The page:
The Irish Government was well represented at this week’s Sustainable Development Goals (SDG) summit, hosted by the United Nations (UN) in New York.

The Assembly had the grand ambition of being “the beginning of a new phase of accelerated progress towards the SDGs, with high-level political guidance on transformative and accelerated actions leading up to 2030”.

The UN Food and Agriculture Organisation (FAO) released their 2023 progress report ahead of the event, and it suggests that delivery on the SDGs is behind target.

Two of the key metrics – elimination of global poverty and hunger – have deteriorated since 2020, with the pandemic and war in Ukraine contributing.

These crises have pushed an extra 75 to 95 million people into extreme poverty, and it is estimated that roughly 575 million people will be in extreme poverty by 2030, the great majority in Sub-Saharan Africa.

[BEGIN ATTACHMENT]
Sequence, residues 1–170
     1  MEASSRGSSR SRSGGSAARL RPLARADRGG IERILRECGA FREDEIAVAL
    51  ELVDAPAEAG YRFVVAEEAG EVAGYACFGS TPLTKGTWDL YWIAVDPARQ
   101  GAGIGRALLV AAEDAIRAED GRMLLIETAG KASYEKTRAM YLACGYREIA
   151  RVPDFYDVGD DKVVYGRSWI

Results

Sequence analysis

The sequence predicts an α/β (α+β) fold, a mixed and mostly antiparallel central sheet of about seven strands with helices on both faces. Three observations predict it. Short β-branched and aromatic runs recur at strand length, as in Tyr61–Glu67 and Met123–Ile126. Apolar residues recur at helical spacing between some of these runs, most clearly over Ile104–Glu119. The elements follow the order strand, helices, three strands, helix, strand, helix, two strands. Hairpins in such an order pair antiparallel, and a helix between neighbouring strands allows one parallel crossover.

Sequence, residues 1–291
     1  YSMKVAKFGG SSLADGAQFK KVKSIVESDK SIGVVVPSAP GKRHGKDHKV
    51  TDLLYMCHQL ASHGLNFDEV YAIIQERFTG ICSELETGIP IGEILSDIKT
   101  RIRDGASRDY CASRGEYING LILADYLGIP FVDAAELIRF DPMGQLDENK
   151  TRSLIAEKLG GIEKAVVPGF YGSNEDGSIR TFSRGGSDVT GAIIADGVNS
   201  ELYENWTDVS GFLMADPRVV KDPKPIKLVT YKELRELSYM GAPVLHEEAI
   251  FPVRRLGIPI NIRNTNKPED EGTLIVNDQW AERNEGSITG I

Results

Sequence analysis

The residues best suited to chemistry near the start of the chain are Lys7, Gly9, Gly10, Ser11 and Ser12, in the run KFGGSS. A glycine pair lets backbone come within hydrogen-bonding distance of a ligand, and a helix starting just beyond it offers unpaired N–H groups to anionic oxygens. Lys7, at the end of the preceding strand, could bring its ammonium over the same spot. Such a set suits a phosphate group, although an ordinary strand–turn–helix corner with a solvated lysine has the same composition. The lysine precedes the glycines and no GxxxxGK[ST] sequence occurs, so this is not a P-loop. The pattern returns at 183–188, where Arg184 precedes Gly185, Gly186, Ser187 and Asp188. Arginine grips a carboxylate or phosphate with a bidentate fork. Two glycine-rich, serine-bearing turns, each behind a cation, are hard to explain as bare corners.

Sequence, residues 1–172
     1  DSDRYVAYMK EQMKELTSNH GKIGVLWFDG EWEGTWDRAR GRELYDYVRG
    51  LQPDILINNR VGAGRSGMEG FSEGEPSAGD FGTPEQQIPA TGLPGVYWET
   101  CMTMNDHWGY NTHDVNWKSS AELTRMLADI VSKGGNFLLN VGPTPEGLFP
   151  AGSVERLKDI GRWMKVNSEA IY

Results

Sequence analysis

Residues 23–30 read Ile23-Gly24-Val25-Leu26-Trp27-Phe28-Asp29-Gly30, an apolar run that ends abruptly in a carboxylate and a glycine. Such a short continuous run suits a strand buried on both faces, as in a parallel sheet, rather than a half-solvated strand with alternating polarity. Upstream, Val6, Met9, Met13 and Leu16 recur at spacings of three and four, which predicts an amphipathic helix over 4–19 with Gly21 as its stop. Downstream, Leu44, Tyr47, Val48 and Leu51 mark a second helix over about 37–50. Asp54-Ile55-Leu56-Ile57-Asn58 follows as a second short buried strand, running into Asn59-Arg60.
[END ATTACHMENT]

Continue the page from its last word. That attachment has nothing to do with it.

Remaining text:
Rise in hunger

In relation to the second key metric, hunger, the number of people living with hunger increased from 8% in 2019 to 9.8% in 2021.

Africa is, again, the worst hit region, with approximately 20% of its population exposed to hunger in 2021.

The individual countries worst affected by hunger between October 2022 and January 2023 were Afghanistan, Ethiopia, Nigeria, South Sudan, Somalia and Yemen, and up to “205 million people were expected to face acute food insecurity and be in need of urgent assistance” in this period.

The only regions of the world not showing a deteriorating position with hunger are Europe, North America, and Eastern and South East Asia. Everywhere else is worse off than a decade ago, meaning that the world’s wealthiest countries are also the most food-secure.